Railways asks SC to let Royal Palm contract continue


ISLAMABAD – Counsel for Pakistan Railways (PR) Mian Gul Hassan Aurangzeb asked the Supreme Court (SC) on Tuesday to let its contract continue with the Royal Palm Gulf Club despite the fact that there could be lapses in the bidding process.
Aurangzeb said that PR was a federal government subject and therefore fell under the domain of the Council of Common Interests. He said the whole land was utilised to augment PR revenues and the accord with the companies was for revenue-sharing, not leasing. The PR Audit director general told the court that there were numerous defaults in the contract.
He said the phase I of the Royal Palm Gulf Club had been completed and PR had received Rs 400 million from it, however, the companies had defaulted in phase II as it had not been completed yet. Mian Allah Nawaz, counsel for the petitioner Ishaq Khakwani, stated that initially 103 of acres land were allotted to the Husnain Construction Company in a 33-year lease, but after the tender, the PR board increased the area from 103 acres to 141 acres and the lease tenure from 33 years to 49 years.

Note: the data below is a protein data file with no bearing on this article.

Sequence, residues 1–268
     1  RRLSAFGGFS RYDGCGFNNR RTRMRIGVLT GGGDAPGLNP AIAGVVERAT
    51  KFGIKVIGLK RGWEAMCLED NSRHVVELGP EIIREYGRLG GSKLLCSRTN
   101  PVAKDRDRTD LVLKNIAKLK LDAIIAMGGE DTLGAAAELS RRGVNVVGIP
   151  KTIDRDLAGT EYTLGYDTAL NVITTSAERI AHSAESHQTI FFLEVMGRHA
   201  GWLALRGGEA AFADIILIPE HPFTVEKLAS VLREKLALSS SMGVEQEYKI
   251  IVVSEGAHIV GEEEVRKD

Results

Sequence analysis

The petitioner claimed that the transaction was made under the Pervez Musharraf government and was not made in a transparent manner. “If Railways officials had wanted to increase the lease and land they should have done that through new advertisements, but everything was done secretly, behind the curtain. The contract was a treacherous combination of companies and PR officials,” he said.
A joint petition was filed by Ishaq Khan Khakwani, former MNA and Dr Mubashir Hassan, challenging the lease agreement, which involved 1,128 kanals of prime PR land situated in the heart of Lahore, executed between the government and a Malaysian consortium associated by two Pakistani companies based in Lahore, namely Husnain Construction Company (Pvt) Ltd and Unicon Consulting Service (Pvt) Ltd, on July 26, 2001. The petitioner has requested the court declare the 49-year lease to have been made by swindling and abusing official authority, and to appoint neutral and competent evaluators to assess the damages inflicted upon PR.
The court was also asked to declare awarding of the contracts to the three companies in utter violation of Articles 2-A, 3, 4 and 25 of the constitution.